Sea turtles love the smell of dirty plastic, and it's killing them - study

Filthy plastic floating through the ocean is killing sea turtles, and now researchers think they may be closer to understanding why.

A sea turtle surrounded by plastic waste (file). Source:

Previously, it was thought the turtles were attracted to plastic waste because they mistook it for prey, confusing things like plastic bags for jellyfish.

But new research from the US, released today, suggests there may be a different reason for it.

As the plastic spends time in the ocean, microbes, algae, plants and small animals accumulate on its surface.

Instead of just visually mistaking it for prey, the researchers think that smell of the plastic is also tricking the turtles.

"We found that loggerhead sea turtles respond to odors from biofouled plastics in the same way they respond to food odorants, suggesting that turtles may be attracted to plastic debris not only by the way it looks, but by the way it smells," says researcher Joseph Pfaller from the University of Florida.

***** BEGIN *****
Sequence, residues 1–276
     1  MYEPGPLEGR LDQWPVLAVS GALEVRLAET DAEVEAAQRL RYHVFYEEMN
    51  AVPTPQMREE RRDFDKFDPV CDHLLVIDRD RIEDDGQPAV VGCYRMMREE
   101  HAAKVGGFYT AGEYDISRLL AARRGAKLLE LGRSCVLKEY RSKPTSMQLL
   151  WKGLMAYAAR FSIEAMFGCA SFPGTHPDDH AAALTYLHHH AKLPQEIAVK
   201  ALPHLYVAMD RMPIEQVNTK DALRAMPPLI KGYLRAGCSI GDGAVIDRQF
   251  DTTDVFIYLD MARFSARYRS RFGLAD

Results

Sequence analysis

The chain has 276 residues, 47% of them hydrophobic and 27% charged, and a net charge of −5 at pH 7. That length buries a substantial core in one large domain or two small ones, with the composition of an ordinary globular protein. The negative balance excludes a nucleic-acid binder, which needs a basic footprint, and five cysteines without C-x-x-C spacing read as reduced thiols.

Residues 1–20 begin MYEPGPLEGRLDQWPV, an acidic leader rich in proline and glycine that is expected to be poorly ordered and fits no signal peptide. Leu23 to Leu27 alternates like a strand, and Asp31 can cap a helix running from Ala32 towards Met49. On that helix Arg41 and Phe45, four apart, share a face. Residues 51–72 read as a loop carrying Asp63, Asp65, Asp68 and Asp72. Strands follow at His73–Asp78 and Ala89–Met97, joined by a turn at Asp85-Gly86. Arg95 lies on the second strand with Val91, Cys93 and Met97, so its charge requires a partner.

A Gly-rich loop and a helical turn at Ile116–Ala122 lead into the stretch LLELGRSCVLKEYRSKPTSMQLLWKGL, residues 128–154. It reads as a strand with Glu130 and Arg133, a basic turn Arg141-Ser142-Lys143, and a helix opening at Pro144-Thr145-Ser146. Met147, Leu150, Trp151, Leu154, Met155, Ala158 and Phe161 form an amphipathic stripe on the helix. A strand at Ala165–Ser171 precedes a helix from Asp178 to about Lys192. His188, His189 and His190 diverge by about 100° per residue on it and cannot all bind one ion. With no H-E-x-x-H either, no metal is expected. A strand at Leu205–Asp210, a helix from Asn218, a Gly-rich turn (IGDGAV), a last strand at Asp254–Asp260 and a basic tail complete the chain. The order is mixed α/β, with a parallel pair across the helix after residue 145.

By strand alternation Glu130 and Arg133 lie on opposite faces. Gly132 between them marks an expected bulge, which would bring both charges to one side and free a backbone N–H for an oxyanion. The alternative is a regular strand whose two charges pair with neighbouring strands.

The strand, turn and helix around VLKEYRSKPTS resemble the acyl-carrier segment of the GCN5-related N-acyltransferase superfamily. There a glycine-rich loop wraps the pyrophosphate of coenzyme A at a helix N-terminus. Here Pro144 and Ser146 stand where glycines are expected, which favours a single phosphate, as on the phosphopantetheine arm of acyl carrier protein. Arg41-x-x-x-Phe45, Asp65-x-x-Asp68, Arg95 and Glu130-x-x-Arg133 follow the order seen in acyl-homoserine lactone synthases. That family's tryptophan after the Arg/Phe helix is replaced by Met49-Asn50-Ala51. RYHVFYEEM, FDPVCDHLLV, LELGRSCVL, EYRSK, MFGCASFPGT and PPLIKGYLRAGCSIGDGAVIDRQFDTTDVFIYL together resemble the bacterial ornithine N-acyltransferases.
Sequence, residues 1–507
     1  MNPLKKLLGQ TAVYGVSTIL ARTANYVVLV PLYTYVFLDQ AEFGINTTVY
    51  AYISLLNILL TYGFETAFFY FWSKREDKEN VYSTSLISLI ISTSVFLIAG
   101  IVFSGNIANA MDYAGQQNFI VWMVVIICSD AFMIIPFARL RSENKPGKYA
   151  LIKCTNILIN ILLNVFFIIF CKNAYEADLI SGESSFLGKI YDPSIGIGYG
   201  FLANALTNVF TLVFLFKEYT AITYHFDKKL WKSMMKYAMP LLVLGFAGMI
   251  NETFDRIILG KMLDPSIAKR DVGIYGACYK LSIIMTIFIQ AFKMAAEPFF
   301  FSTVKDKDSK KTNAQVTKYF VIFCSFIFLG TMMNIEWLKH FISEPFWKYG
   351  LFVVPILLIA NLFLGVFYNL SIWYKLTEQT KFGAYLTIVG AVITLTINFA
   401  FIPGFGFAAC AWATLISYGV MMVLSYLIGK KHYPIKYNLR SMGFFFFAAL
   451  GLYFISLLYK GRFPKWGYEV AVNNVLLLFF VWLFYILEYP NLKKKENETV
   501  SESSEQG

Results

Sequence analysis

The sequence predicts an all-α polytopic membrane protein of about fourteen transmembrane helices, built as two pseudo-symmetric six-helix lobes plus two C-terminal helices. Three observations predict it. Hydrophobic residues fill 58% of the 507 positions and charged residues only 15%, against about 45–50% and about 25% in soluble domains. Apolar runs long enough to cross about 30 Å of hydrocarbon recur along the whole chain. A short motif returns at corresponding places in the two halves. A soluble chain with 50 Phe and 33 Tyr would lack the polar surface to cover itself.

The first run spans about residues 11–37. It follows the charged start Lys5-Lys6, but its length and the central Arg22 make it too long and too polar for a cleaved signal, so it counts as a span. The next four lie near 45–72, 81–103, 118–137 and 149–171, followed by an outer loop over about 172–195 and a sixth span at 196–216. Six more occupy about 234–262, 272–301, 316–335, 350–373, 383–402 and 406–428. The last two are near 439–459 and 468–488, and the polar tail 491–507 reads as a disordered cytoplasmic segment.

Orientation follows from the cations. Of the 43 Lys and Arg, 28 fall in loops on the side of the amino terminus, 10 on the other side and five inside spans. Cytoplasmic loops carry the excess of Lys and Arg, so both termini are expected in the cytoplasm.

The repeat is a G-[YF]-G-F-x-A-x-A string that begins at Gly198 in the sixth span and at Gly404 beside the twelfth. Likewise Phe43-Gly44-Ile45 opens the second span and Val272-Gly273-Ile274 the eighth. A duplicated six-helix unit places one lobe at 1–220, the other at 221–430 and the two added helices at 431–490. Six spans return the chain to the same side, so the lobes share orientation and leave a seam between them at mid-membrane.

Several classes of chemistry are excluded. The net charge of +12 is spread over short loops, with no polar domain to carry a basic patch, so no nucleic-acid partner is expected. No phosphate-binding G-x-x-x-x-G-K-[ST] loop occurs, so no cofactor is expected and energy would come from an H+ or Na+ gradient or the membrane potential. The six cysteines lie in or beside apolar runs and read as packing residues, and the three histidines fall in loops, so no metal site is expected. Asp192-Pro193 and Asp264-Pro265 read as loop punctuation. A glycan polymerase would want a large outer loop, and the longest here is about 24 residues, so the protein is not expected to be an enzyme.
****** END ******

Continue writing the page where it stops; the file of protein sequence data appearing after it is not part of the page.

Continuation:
"This 'olfactory trap' might help explain why sea turtles ingest and become entangled in plastic so frequently."

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Conservation staff had little hope for his survival when they took him into care. Source: 1 NEWS

Fifteen young, captive-reared loggerhead turtles were used in the research. 

Different scents were pumped into the testing area and the researchers found the turtles would react to the smell of their food in the same way as the fouled plastic, lifting their heads out of the water and sniffing the air for longer than the control odors.

Mr Pfaller says they were surprised by the results, expecting the turtles to react more to their food - which they're used to - than the biofouled plastic.

"The plastic problem in the ocean is more complex than plastic bags that look like jellyfish or the errant straw stuck in a turtle's nose," he says. 

"These are important and troubling pieces to the puzzle, and all plastics pose dangers to turtles."

More studies are needed to help figure out what it is about the plastics that's making them so alluring for turtles, Mr Pfaller says, such as which chemicals are coming from the plastic.

The research was published in the journal Current Biology today.